Friday, November 25, 2005

The Godless Constitution Chapter 4 - The English Roots of the Secular State

This chapter, obviously, covers about the intellectual tradition from which American Secularism sprang from. Specifically it focuses on John Locke, who's writings were extremely influential on American thought.

One revolutionary aspect of Locke's thought was the shrinking of the Public Sphere and the enlargement of the Private Sphere. Under the medieval order, the religious practices of the community were everybody's business; under the new system religious practices were to be private and personal. One might share a congregation with one's neighbors, but one would not be required to share a congregation with one's neighbors.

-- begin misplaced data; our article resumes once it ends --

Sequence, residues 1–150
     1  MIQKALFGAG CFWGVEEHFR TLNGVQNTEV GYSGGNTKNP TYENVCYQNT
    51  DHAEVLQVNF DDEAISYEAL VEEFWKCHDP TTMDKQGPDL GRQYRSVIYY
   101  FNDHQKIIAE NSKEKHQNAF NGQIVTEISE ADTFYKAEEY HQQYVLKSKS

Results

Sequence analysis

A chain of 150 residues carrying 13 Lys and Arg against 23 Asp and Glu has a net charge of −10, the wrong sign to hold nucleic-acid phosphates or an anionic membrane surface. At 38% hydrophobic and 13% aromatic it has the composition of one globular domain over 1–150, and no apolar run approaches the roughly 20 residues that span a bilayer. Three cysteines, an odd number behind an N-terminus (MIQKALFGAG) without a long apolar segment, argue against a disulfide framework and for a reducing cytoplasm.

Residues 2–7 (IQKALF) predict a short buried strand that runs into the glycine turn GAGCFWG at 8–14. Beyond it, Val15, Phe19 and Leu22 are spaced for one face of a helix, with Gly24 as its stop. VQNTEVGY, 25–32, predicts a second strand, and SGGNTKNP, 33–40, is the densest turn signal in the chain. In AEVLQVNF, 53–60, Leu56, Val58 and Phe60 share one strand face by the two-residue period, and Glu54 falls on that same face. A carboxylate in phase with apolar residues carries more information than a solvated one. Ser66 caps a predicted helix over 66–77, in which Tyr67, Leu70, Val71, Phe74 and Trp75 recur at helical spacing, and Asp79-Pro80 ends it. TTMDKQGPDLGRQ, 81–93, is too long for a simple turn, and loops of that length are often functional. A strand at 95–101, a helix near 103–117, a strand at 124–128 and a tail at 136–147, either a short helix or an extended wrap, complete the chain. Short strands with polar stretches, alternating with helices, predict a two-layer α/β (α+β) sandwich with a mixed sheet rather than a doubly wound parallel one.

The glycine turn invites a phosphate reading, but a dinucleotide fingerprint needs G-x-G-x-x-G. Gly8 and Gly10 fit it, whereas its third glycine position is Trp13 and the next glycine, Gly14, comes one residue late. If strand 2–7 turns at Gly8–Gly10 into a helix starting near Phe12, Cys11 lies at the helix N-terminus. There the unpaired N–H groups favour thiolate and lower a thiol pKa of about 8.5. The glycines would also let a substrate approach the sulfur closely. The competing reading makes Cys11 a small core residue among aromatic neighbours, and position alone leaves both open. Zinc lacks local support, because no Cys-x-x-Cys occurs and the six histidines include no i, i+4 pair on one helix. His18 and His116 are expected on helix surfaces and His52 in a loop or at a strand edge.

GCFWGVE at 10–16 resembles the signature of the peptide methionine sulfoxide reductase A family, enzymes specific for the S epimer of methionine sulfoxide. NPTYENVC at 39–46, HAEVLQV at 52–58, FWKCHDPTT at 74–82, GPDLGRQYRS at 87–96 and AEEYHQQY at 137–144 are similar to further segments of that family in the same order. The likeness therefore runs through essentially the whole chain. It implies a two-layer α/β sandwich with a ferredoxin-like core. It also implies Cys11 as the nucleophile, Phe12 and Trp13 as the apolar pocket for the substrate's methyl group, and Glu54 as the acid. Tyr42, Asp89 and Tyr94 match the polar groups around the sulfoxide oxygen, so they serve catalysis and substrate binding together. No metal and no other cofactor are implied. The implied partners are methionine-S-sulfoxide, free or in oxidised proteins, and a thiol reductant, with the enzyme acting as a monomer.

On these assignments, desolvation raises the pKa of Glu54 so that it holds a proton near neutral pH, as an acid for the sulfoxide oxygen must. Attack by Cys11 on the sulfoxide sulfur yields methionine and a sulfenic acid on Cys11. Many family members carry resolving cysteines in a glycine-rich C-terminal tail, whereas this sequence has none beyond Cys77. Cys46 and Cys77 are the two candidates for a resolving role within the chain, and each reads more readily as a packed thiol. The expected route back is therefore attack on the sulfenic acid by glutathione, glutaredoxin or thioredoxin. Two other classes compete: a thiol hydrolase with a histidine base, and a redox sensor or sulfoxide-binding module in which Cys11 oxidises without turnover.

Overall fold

The chapter also makes the points that the same forces that argued for a rejection of the specifically Christian state also argued for a laissez-faire economic policy. It is interesting that the modern forces of religious correctness have abandoned this policy. They believe in the power of the government to make men good but not in its power to make men good employers.

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